Nanfan smiled. ‘Oh, yes, sur, I mind him well. I mind seeing your mother once too, though that were long ago, when I was no more’n a tacker. She were riding a horse alongside of your father. She were tall. And thin, like – or thin then – wi’ long dark hair.’

‘Yes,’ said Ross. ‘Yes. She had long dark hair …’ For a moment he was a child of nine again and a part of her sickness and her pain. It was terrible the darkness then, and the crying woman, and the unguents and the balm and the scurrying feet. Illness and sad smells and an old nurse and the parchment colour of his father’s face. Smoke casting a shadow, and the shadow was disease and death. He blinked and shook the image away. Now it was twenty-five years later and his wife and child bloomed and the corroding worm had gone from the house.

So it had an effect, yes, but I’m not sure we can draw any conclusions about what effect it had. The text just doesn’t give us enough to draw on - small allusions here and there to Joshua’s wild reputation, mentions of Wheal Grace being named for Grace, but very little emotional content. And don’t forget that at that time, death was common. Women frequently died, in childbirth or from illness. Children died from illnesses that we don’t have now. Francis and Verity had three siblings who died, and their mother died in 1973, when Verity was fifteen and Francis thirteen.

What Ross lacks is an ability to express his emotions to others - to anyone, but especially to Demelza - but I’m not sure that means he’s particularly more emotionally stunted than anyone else, certainly in the society in which he lives. At any rate, I’m not sure we can take to mean that the deaths of his mother and brother, and the subsequent detachment of his father, caused this effect on him. There’s simply not enough evidence either way.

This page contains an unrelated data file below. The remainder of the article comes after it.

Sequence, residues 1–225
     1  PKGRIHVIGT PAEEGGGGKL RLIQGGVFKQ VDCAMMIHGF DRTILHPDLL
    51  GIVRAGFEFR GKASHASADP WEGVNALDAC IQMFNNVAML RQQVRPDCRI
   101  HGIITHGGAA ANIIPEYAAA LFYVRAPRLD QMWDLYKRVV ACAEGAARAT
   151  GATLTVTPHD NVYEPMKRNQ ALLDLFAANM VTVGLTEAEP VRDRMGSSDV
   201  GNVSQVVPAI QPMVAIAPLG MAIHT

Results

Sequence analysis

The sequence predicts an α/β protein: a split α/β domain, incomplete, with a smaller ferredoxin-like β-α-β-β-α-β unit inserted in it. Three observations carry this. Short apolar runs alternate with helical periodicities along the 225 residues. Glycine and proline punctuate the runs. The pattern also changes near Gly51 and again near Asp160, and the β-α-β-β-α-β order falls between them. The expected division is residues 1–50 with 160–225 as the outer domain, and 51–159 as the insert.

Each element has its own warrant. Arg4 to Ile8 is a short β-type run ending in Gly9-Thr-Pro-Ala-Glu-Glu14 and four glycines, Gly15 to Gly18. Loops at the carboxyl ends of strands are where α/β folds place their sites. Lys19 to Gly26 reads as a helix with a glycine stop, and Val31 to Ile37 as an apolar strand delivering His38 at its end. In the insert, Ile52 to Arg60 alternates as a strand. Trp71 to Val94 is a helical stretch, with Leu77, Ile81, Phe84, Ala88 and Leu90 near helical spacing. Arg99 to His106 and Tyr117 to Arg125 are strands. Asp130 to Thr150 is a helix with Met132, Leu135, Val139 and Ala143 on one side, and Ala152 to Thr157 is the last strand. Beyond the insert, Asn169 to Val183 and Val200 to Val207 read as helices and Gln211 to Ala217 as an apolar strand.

Spark of Love: Part 7

Summary: Sixteen year-old Remington heads out on her first date with a cute girl from school. Naturally, the Avengers decide to follow her to make sure she’s safe.

Characters: OFC Remington, OFC Alexa, Tony Stark, Steve Rogers, Bucky Barnes, Natasha Romanoff, Sam Wilson, Wanda Maximoff

Warnings: none

Part 1      Part 2    Part 3    Part 4     Part 5    Part 6

Series Masterlist

“Th-th-this is such a stu-stupid idea,” Sam shivered as he shoved his hands under his armpits. A few snowflakes fell gently from the night sky as the Avengers hid behind large bushes in Rockefeller Center.

“Plus it’s an invasion of privacy,” Steve agreed. Even though his body temperature was regulated thanks to the super solider serum, he still tugged his hat over his ears.

“Go home then,” Tony replied, adjusting the zoom on his binoculars.

“And leave you here to cause trouble?” Bucky smirked. “Yeah, right, Stark.”

Keep reading

ladyjaneyrain replied to your post: I have a question related to this. What age was…

There’s a passage in Demelza after Julia’s funeral, where he’s thinking about when his mother died and how he put up a barrier to his emotions in order to cope with the pain. “… something within him had risen up, a barrier to shield off his weakness and tenderness and frailty.”

I’d forgotten about that passage; you’re quite right.

I think, though, it doesn’t particularly change my thoughts about Ross’s emotional growth. That response - to block off the pain of grief, of losing his mother - seems to me to be a perfectly natural response. It’s not a response everybody would have, but’s a response that many people do have. It doesn’t mean he keeps blocking off the ‘weaker’ emotions, though it does, perhaps, leave him singularly ill-equipped to deal with griefs and disappointments.